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August 1998

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Buy Darrell Nulisch's CD today


Darrell Nulisch
The Whole Truth

Darrell Nulisch - The Whole TruthThere are two surprising facts this month in this section of Blues Bytes. First is the high quality of recordings that Texas singer Darrell Nulisch has been churning out since going the independent route several years ago (see the review of his previous album). The second surprise is tiny Maryland indie Severn Records, which has released two very excellent CDs among its initial offerings (check out Big Joe Maher's recent swing/blues album).

Nulisch, who first came to prominence in the blues world as the original singer with Anson Funderburgh & The Rockets, has been leaning more heavily to a soul/blues mix on his last two albums. The Whole Truth is a tasty collection of a dozen tunes showcasing Nulisch's rich vocals and an extremely tight Texas blues band.

The album opens with the deep Southern soul sound of "Leaving On The Morning Train," on which the singer sounds as soulful as Otis Clay. This number is highlighted by an excellent keyboard break by Benjie Porecki.

The latter performer is the unsung hero of this CD, as he gives the slow, swampy ballad "There It Is Again" an old-time gospel feel with his churchy organ interludes. Then Porecki switches over to piano to swap bluesy leads with guitarist Jon Moeller on the instrumental "At-Cha-Mama-Nims." Nulisch also gets the opportunity to blow a little blues harp on this song.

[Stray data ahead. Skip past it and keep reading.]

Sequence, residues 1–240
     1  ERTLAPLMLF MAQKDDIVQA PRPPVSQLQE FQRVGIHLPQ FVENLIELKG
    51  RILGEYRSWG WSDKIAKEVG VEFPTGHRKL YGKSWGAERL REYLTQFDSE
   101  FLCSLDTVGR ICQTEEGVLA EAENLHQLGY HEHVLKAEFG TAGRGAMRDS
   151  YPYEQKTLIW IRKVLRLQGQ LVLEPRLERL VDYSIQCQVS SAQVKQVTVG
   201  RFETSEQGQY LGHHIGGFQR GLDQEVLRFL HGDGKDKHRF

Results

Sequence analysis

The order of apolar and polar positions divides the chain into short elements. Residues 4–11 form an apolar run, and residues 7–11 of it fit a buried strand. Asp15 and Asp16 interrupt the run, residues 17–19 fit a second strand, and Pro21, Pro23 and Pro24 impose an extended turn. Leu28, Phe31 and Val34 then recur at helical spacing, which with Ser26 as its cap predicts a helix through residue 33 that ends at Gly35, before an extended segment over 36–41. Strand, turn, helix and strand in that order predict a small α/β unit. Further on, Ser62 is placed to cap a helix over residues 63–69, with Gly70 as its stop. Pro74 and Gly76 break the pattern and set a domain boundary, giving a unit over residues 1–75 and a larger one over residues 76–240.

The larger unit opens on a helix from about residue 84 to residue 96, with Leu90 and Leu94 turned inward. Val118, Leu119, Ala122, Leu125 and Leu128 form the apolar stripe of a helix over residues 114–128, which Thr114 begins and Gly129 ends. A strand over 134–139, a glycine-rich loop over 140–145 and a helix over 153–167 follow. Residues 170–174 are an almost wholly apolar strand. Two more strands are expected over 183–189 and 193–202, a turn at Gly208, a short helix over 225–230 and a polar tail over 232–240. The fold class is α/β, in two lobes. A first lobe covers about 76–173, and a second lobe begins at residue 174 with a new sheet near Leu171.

Moeller is the hero of the slow blues "Telephone Blues," playing some hot Texas licks behind Nulisch's pleading vocals. Still only in his 20s, Moeller is a young cat who deserves a lot more notoriety in the blues world.

"Like Reed" presents the band in a much simpler style, as the horn section and keyboard takes a break while Nulisch and Moeller perform a little tribute to Jimmy Reed. Darrell has Reed's harmonica style down just right. Then everyone gets funky again on "Love Me Like You Mean It," an uptempo song which sounds very much like the kind of tune Earl King would cover.

Nulisch, who recorded one of the great vocal tracks of the 80s when he cut "Ships Passing In The Night" as a member of Ronnie Earl & The Broadcasters, does similarly emotionally-charged vocal work on the slow loungy blues number "There's A Sad Story Here." Equally effective is his singing combined with Moeller's driving guitar riffs on the blues shuffle "Wait For Me."

This wonderful CD closes with "Lyla Tov (Good Night)," a mid-tempo jazzy instrumental, which again features nice piano playing by Porecki.

Severn Records' slogan is "Roots Music For The 21st Century." With artists like Nulisch and Maher on their roster, the Severn folks certainly going to make the new millennium a much more pleasant place.

- Bill Mitchell

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